Blogs:
- Set up a blog to write about your career field and professional topics, to showcase your ideas, or provide examples of work you’ve done before. This is equivalent to a portfolio, and it can show potential employers how knowledgeable (and therefore valuable!) you are.  Use a blog to fully develop ideas you may discuss on Twitter, for example, and you can send the link to show off your thoughts.

Networking sites:
- On sites like LinkedIn and Brazen Careerist, join groups related to your career field and interests. Chime in on discussion boards and start conversations. It’s a common theme, but getting your name and ideas out there will help you get noticed.
- Don’t be afraid to request connections with people whose careers you admire – take initiative and send them a message to see how they got where they are.  The worst they can do is ignore you, and at best, they could become a valuable career connection.

Last but not least:
- Make it known that you’re looking for employment. If you’ve taken the time establish yourself as a valuable member of your field, there’s a greater chance that people you have connections with will think of you first when there’s an opening in their companies. If you make a good impression online, don’t be surprised to see job offers even if you’re not looking!

Leland Strott, a native of Baltimore, MD, graduated from the S.I. Newhouse School of Public Communications at Syracuse University in 2008 with a degree in Magazine Journalism. She is currently back in her hometown, interning and working part time while she completes a Master’s degree in social media from Birmingham City University. She hopes to turn her passion for social media into a full-time job in advertising or marketing.

 
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Posted by on March 10, 2010 in Networking, Social Media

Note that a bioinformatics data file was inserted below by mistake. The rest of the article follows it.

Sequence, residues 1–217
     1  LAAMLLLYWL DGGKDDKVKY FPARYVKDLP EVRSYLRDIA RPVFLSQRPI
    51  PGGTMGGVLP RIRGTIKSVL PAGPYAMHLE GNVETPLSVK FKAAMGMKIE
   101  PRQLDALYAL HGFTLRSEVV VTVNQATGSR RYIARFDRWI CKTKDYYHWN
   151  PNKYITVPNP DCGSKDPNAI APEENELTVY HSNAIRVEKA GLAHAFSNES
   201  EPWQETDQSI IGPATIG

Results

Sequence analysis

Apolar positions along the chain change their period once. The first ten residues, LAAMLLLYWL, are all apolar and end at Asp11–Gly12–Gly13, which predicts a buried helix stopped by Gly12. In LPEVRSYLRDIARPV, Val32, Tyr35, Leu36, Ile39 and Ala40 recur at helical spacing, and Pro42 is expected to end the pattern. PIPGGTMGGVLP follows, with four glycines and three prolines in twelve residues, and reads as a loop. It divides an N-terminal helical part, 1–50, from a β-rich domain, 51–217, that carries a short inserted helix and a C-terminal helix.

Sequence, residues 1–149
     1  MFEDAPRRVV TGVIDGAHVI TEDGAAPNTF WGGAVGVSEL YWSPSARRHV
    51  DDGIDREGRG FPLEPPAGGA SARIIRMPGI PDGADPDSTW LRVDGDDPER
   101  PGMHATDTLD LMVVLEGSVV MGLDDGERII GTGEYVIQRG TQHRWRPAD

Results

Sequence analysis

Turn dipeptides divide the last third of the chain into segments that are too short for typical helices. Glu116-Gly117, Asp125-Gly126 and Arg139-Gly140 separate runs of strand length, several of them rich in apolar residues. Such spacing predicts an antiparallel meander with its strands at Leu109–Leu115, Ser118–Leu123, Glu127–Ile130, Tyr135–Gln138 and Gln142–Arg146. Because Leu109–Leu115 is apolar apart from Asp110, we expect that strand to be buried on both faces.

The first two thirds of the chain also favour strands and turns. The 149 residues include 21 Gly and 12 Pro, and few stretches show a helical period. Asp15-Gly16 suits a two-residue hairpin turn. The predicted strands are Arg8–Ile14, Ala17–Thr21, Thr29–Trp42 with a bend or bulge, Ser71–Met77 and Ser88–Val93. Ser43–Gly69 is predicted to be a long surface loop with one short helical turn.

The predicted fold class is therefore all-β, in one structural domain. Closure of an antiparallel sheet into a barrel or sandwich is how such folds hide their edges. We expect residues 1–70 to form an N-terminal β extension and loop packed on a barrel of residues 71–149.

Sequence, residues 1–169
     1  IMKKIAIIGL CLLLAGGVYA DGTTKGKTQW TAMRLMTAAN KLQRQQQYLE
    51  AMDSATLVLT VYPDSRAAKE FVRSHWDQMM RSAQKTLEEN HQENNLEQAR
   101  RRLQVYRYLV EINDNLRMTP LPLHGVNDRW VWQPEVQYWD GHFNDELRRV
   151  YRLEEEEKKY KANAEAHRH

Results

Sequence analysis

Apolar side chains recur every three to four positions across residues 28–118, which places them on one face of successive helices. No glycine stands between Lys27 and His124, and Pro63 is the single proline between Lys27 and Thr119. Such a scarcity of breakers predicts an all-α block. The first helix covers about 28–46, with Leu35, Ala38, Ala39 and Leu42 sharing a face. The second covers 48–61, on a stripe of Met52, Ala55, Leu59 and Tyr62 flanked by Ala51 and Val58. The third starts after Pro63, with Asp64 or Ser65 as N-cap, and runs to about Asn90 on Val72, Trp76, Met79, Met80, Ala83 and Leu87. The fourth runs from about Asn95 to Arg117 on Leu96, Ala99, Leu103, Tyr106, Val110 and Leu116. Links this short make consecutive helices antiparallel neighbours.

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On being connected

Today’s Guest Post is by Amy Merlino Coey, VPA ’94

I’m from Philadelphia, where my maiden surname belies my blood ties to some notorious organized crime figures, so being “connected” for me was always a dubious distinction.  Nevertheless, “connected” in the mafia-sense of the word means something positive.  If you’re connected to a powerful mobster you might get a V.I.P. table at a restaurant or dodge a speeding ticket, or obtain even bigger and better rewards.  But it has been my connections to Syracuse University that have truly shaped my career path and my adult life.

In my business, which is the business of Broadway, the Syracuse “Mafia” is well-known and regarded.  Powerhouse Producer Arielle Tepper Madover ’94, Producer and Merchandising wiz Michael Rego ’90 and Bona-fide Broadway diva Julia Murney ’90, are just a few of the illustrious alums who are making their mark on the Great White Way.

Being connected to these and other SU grads has been about more than sharing an alma mater, though.  A colleague from Syracuse got me my first job in commercial theatre (well, he set up the interview…I like to think I got myself the job!)  I was at a crossroads—I knew I was meant to be in the management side of theatre, but I wasn’t excited about the non-profit world.   My SU friend not only intuited what the perfect job for me would be, he introduced me to the people who could make it happen!

Recently, I was chatting with colleagues from a rival “mafia” (another University well-represented behind-the-scenes on Broadway) and we were reflecting on the fact that you never quite know when you choose a college, how very important that decision will be.   My Syracuse connections got me my dream job, which led to a thriving career, and my career led me to my husband, and hence my son.  I believe in Fate to a certain degree, and if Fate exists, then Fate first and foremost brought me to Syracuse.  Happily, all the rest just followed.

Amy Merlino Coey served as the Company Manager of the original Commercial Off-Broadway productions of FULLY COMMITTED and THE VAGINA MONOLOGUES.  She was the Assistant Company Manager for the Broadway stagings of THE GRADUATE and the 2002 revival of MAN OF LA MANCHA.  She has company managed both LITTLE WOMEN: THE MUSICAL and WICKED on Broadway, as well as the 1st National Tours of THE GRADUATE and BILLY CRYSTAL’S 700 SUNDAYS.

Now the mother of a young son, she works part-time as a Management Associate for 321 Theatrical Productions, a General Management firm currently represented on Broadway by WICKED and NEXT TO NORMAL.  She is a member of the Association of Theatrical Press Agents and Managers (ATPAM).

 
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Posted by on March 3, 2010 in Networking